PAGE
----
Really interesting summation of how media has evolved rapidly into the digital distribution age and what the current generation capabilities and shortcomings portend for the next generation.
This third stage is about the balance between targeting, which reduces waste and increases campaign efficiency, and creativity, which takes into account the message and the placement relevance. Just as in traditional marketing, our goal is to reduce the waste against an untargeted audience and focus dollars on the audience that is most likely to resonate with the message. The difference is that digital media has the capability to get to a 100% targeted effort, whereas traditional media does not.
This stage of media strategy requires data, and data is something that we have in abundance. The issue is not whether we have the data, but how we use it to be effective. There are numerous ways to slice the data, but the most important metrics are the ones that correlate to actual increases in consideration, intent and sales.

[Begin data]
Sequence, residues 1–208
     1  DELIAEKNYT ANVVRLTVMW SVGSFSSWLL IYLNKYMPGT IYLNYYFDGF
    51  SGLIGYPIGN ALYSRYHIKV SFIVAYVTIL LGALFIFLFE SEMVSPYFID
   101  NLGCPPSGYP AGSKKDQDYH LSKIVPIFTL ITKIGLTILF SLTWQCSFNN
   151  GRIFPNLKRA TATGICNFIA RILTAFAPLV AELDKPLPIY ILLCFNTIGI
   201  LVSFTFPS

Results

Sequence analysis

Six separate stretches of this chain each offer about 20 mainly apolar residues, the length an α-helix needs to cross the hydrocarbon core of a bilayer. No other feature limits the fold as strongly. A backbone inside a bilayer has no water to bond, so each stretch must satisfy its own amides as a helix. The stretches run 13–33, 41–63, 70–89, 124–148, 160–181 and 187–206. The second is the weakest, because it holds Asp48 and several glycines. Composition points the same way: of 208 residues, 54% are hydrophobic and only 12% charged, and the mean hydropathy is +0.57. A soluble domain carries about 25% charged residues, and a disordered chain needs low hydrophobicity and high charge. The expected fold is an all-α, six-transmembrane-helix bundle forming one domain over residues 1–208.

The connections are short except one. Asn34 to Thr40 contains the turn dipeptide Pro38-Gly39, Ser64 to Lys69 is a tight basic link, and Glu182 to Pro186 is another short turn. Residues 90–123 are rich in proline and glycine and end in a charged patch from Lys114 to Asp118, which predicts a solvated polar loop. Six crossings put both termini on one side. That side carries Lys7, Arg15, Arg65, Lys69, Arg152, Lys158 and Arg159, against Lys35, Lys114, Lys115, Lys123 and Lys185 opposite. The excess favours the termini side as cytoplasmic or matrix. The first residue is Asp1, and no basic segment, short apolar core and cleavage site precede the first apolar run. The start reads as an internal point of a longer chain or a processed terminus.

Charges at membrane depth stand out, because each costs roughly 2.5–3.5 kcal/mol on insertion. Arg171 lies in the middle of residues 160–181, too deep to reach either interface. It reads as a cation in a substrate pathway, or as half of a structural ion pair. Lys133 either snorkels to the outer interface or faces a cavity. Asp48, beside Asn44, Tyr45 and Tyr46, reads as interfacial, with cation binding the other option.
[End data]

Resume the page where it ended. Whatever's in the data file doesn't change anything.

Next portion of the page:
Media and advertising has always believed itself to be an industry built on data but the fact remains that the data has been used as a blunt instrument, not a scalpel. Media buyers obsess about two dimensions, demographic data and impressions while publishers respond with, not surprisingly, a focus on demographics and impressions. I think this formulaic approach to media strategy drives the creative side of the industry bonkers, which is one reason why an increasing number of brands are looking beyond their advertising agencies as a primary means of engaging consumers.
Treffiletti is correct in asserting that we have the data, for the most part, what is lacking is the fine grained analytics that go beyond clicks to intentions. As media becomes further disaggregated this challenge will only grow larger, a consequence of universal reluctance by people to provide detailed information about themselves and of the increasingly disaggregated nature of media where visitors are not shuttled through a defined site map (e.g. inbound links to pages, search, etc.).